There are a great many add-on keyboards for tablets, but LapWorks has one that stands out from the competition: It is a full desktop-size keyboard that folds up small enough to fit easily into a gear bag, and works with iPad, Android, and Windows.
The Amigo 2.0 Folding Keyboard is available now, and sells for $139.95.
Build and Design
This accessory starts out as as a 5.1 x 3.5 x 1.0 inch rectangle. Pulling down a switch on one side opens this up, exposing a full QWERTY keyboard that’s 11 inches wide. Opening and closing takes just a couple of seconds.
The Amigo 2.0 is primarily made of plastic, including the outer casing. It comes only in black, and looks reasonably professional.
Folded up, given its size and half-pound weight, this device is large enough that it should be carried in a gear bag or purse; it’s not really pocketable.
There is an On/Off switch on the top edge. It’s important to get in the habit of using this, because if the keyboard is folded up when it is still on it will send large amounts of gibberish to the tablet.
Just below this switch is a set of three status LEDs. These light up in green to indicate the accessory is active, turn red when this accessory is charging, or turn blue when it’s ready to pair with a Bluetooth-enabled tablet or phone.
Some of you may remember that, years ago, a company called ThinkOuside made a folding keyboard for Palm OS and Windows Mobile handhelds that was highly regarded. The Amigo 2.0 is an updated/modified version of this.
Virtually all mobile keyboards are reduced in size to make them easier to carry around, but the Amigo 2.0 is not. It is 100% the size of a desktop keyboard, which should be welcome news to those with large hands.
The layout is almost exactly the same as a PC keyboard, with just a few small changes – the Esc key and the one for typing the ~ and ` have been moved to be next to the space bar, and these are keys that often get moved around on a variety of keyboards. Everything else is exactly where it should be on a QWERTY layout.
There are a set of Windows function keys off to the right, including a PrtSc button that also works for Android devices.
Key travel is excellent, though the keys are just slightly stiff. They are also a bit noisy, though this won’t be an issue unless typing in a very quiet area.
Tablet and Phone Stands
LapWorks included a simple stand to hold a tablet upright when typing. We tested this with an iPad Air and an HTC Nexus 9 and found it to be a surprisingly stable base – the tablet was held securely enough that tapping on the screen never knocked it over or even made it rock. The default screen angle is a good one, and the stand can be adjusted to slightly change this angle, but doing so makes it less stable. The thickest tablet it can handle is about 0.4 inches, however.
The stand for phones is also included, and this is more elaborate, with multiple flip-up braces to provide a stable platform for the device. It’s even adjustable over a range of screen angles. That said, there seems little point for it to be included with this keyboard, as the tablet stand can be used with phones as well, while the phone stand can’t handle a 7-inch or larger tablet.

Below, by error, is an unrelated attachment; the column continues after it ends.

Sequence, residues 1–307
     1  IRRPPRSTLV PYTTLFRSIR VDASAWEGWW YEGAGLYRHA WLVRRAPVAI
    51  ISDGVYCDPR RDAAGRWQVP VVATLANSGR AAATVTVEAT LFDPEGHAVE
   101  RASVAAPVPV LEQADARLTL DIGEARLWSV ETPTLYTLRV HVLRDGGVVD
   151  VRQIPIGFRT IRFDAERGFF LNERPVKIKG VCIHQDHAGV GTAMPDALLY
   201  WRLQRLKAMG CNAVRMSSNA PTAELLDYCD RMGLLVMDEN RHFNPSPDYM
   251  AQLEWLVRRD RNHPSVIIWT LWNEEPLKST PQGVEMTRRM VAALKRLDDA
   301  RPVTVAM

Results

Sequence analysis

Both stands are small enough to be easily portable. The only real issue with either of them is that they can’t be connected to the keyboard in any way – an ideal design would have included some kind of slot in the main portion of this accessory to hold the tablet stand so they could be transported as one unit.
The Amigo 2.0 has been designed to work with iOS, Android, and Windows tablets.
We ran into no issues pairing this accessory with an iPad, and using it to enter text worked exactly as expected. In addition, the function keys F1 through F12 can be used to control screen brightness, start/stop music or video playing, or adjust the volume.
Setting up the Amigo 2.0 with an Android tablet was equally simple, and there were no issues entering text. Google designed Android to function with external keyboards a great deal like Windows does, so familiar key combinations work, like Alt-Tab to switch between running applications. In addition, combining the Windows key with others quickly launches a range of applications. For example, Windows-G opens Gmail and Windows-B opens the default web browser.
This keyboard was clearly originally designed with Windows in mind, so it’s not surprising that it works very well with tablets running Microsoft’s OS. The text-entry keys and all function keys perform as expected.
The Amigo 2.0 is charged through a micro-USB port. A cable is included but not the actual charger. This is not a issue, as virtually any tablet or phone charger can handle this task.
LapWorks makes no claim of how long this accessory will last on a single charge. We have been tasting a unit for days of heavy use on a single charge.
LapWorks Amigo 2.0 Folding Keyboard is ideal for those who want a full-size keyboard for their tablet or phone. Many of these people have large hands and find smaller keyboards too cramped.
This accessory’s flexibility is another advantage – it can be used with an iPad or iPhone, an Android tablet or phone, or a Windows tablet or phone, or any combination of these. Switching between devices is a little bit of hassle, but it can be accomplished in under a minute.
On the other side of the coin, the Amigo 2.0 is somewhat bulky, especially when a cradle is included. It’s also somewhat noisy.
Even so, the sheer coolness of unfolding a full-size keyboard from a relatively small package isn’t something to be ignored.